• Consistency with the most recent set of financial statements: The most recent set of financial statements can be a convenient reference point as to the accounting treatment applied to certain balances within the completion accounts.
  • GAAP: Specify the relevant GAAP to apply, whether that is the GAAP of the target entity or of the acquiring entity.

Careful drafting of the hierarchy and any specific policies is key to avoiding a dispute. The policies should be as clear as possible, removing the need for judgement or alternative interpretation.

It can also be useful to include a proforma template within the SPA for the balance sheet and the schedule to determine equity value. This could be a detailed schedule based on the company’s latest management accounts, which should mean the treatment (and potentially quantum) of certain items can be agreed in advance of completion.

With regard to preparation of the completion accounts, various procedural points should be included within the SPA, including:

  • responsibility for the initial preparation of the completion accounts;
  • timing for the preparation and review of the completion accounts;
  • cut-off date for the information to be taken into account in the preparation, review and determination of the completion accounts; and
  • importantly for our purposes, the approach to resolving any disagreements.

Typically, the completion accounts become final and agreed upon expiry of the stated review period unless the reviewer has raised any objections regarding any specific items. If the reviewer raises any objections, the SPA should allocate a amount of time for the parties to settle the objections. If the parties are unable to settle all disputed items, the parties will then either jointly or individually be able to refer the disputed items to an expert determiner.

Earn-out

The process and approach for preparing the earn-out schedule is similar to that of the completion accounts, the difference being the earn-out metric and how that should be calculated, which is often the significant area of dispute.

As explained above, the metric can be financial (such as achieving a certain pre-tax or post-tax profit, EBITDA or revenue target) but could also be non-financial (such as securing regulatory approval, the completion of a specific project, or the award – or non-termination – of certain key contracts).

Whatever metric is chosen, ensuring it is clearly defined in the SPA and how any amounts due are to be calculated is of utmost importance in reducing the potential for disputes. Other important considerations in drafting the SPA include specifying the time frame of the earn-out (typically earn-outs are for one to three years) and detailing suitable protections for both parties, particularly the sellers, as the earn-out will be generated by the performance of a company that is no longer under their control, although sellers will often choose, or are required, to remain with the company in some capacity during the earn-out period.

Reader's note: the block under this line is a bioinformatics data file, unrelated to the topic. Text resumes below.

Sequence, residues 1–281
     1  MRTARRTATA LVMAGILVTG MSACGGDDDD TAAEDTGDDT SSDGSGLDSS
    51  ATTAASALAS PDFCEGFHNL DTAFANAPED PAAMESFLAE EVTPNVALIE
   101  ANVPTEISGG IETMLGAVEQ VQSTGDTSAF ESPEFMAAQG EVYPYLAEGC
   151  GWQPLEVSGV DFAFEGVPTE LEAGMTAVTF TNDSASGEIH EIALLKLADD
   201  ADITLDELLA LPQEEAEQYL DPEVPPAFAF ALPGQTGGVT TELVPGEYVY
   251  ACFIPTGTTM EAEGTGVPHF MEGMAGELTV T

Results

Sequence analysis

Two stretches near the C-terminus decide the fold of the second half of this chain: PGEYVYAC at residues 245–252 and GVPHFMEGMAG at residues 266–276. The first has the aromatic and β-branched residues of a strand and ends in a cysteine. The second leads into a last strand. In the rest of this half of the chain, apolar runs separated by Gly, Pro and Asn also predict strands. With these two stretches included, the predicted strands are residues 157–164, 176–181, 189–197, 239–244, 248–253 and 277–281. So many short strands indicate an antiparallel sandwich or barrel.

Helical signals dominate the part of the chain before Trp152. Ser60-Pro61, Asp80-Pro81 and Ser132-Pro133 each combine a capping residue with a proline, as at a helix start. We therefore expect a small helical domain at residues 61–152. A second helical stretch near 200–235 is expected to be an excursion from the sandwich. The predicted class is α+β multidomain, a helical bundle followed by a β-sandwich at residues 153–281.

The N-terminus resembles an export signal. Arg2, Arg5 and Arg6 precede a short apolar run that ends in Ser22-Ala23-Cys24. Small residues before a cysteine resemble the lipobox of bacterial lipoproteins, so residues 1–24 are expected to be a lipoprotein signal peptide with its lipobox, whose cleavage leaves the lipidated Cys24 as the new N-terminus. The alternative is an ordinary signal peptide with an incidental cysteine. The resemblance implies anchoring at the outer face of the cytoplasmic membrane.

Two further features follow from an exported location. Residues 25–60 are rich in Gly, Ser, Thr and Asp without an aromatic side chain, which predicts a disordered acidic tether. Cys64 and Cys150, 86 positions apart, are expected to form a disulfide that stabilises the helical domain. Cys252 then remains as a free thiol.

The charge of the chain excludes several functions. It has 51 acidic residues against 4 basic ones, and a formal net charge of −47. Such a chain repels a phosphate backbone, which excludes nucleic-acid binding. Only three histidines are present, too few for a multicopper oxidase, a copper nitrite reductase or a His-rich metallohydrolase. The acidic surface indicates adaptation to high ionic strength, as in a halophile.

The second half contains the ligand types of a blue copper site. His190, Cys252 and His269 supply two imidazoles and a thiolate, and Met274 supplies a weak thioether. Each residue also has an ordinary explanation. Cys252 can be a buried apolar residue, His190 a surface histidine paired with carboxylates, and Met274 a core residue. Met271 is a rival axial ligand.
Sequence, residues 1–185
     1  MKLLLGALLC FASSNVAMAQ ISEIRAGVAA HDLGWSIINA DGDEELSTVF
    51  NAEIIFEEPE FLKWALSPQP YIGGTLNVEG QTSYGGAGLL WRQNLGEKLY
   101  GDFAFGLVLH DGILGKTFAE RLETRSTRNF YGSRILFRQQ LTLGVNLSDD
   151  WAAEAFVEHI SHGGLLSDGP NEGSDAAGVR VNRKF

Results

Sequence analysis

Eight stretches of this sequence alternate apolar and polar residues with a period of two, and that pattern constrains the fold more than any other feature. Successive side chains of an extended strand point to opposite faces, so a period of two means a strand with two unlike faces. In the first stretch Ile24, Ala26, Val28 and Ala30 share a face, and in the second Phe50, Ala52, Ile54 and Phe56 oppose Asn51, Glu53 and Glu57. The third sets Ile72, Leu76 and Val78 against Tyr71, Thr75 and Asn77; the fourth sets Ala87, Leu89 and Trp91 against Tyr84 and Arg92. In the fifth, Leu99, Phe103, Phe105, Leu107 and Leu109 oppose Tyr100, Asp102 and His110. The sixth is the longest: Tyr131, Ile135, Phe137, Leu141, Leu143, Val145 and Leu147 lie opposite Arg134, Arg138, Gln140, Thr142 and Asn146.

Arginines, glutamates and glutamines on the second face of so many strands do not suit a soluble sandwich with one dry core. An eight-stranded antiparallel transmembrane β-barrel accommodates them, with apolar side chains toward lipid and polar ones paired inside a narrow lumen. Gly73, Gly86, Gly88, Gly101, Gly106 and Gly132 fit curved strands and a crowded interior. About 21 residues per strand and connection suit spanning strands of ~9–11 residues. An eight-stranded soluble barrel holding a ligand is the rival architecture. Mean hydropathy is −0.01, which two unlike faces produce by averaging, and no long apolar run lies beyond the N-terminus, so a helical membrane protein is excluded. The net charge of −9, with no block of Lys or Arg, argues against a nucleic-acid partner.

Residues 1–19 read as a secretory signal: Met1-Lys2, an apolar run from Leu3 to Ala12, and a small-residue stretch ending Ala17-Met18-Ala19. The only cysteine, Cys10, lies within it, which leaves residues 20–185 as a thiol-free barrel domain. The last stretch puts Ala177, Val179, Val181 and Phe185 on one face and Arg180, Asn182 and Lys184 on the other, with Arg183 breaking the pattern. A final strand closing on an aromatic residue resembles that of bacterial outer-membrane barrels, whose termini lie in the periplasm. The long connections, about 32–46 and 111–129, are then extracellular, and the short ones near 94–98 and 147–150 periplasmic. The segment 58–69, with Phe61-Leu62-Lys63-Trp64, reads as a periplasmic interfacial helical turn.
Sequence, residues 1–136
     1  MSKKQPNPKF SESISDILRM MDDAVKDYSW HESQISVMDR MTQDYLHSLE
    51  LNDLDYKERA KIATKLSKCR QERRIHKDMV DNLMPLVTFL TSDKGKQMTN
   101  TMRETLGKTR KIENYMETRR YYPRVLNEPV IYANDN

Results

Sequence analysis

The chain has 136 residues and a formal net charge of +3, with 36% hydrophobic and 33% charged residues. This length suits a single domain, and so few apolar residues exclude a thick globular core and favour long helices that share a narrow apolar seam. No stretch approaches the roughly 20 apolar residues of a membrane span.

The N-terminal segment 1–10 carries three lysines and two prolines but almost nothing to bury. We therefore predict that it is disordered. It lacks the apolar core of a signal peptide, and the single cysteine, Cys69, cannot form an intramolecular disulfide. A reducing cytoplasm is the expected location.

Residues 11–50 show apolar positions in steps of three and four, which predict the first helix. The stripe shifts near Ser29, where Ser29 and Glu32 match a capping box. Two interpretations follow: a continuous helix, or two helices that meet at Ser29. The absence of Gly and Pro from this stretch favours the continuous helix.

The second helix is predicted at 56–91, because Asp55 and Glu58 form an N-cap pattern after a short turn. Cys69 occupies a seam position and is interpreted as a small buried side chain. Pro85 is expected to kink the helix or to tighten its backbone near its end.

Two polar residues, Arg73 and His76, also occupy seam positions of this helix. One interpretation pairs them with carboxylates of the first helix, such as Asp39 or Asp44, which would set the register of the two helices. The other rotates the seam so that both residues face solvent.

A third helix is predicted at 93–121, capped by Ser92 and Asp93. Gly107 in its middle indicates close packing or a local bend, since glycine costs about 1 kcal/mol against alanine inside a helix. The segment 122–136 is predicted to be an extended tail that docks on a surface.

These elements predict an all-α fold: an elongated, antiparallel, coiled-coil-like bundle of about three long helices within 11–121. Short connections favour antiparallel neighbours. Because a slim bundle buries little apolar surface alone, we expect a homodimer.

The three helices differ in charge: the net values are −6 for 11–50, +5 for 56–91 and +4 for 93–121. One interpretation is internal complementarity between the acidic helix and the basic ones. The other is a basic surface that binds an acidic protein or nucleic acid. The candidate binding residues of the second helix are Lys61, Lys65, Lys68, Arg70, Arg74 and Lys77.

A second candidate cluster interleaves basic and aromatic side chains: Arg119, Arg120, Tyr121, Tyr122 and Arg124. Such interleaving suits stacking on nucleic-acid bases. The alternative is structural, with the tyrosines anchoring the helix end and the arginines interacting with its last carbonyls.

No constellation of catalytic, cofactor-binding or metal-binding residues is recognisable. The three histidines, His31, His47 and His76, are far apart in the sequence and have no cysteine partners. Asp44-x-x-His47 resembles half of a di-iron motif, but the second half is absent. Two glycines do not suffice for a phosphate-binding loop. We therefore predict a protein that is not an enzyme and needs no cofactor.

Expert determination clauses

The expert determination clauses in the SPA will usually include the following provisions:

  • the process for selecting an expert to resolve the dispute. Typically, an SPA will require that the expert is from an accounting firm of international repute with a minimum number of years’ experience, although in some cases a named firm or expert will be nominated to prevent further delays in the case of a dispute. The key requirement is to choose an expert who has experience and an understanding of the expert determination or M&A dispute process as well as the subject matter. In the United Kingdom, if the parties cannot agree on an expert, the parties can jointly approach and use the Institute of Chartered Accountants of England and Wales Nomination Scheme to nominate an independent expert;
  • confirmation that the expert determiner will be appointed as an expert, not an arbitrator;
  • the procedure that the expert determiner will follow. It is advisable that the expert determiner is given leeway to establish their own procedure for their determination (we typically see clauses such as the expert determiner has 30 days to deliver their determination, which does not give any consideration to the complexity of the dispute), albeit the SPA may require the expert determiner to include various steps in the determination process including:
    • written submissions;
    • response submissions;
    • information requests; and
    • oral hearings;
  • the areas that the expert determiner will be responsible for determining. For example, it is advisable to limit the role of the expert determiner to determine only the items in dispute, rather than to determine whether the completion accounts are correct in their entirety. The extent of the expert determiner’s jurisdiction may be limited to the values put forward by either party or a range of values, rather than the expert determiner being required to calculate the correct value of an item;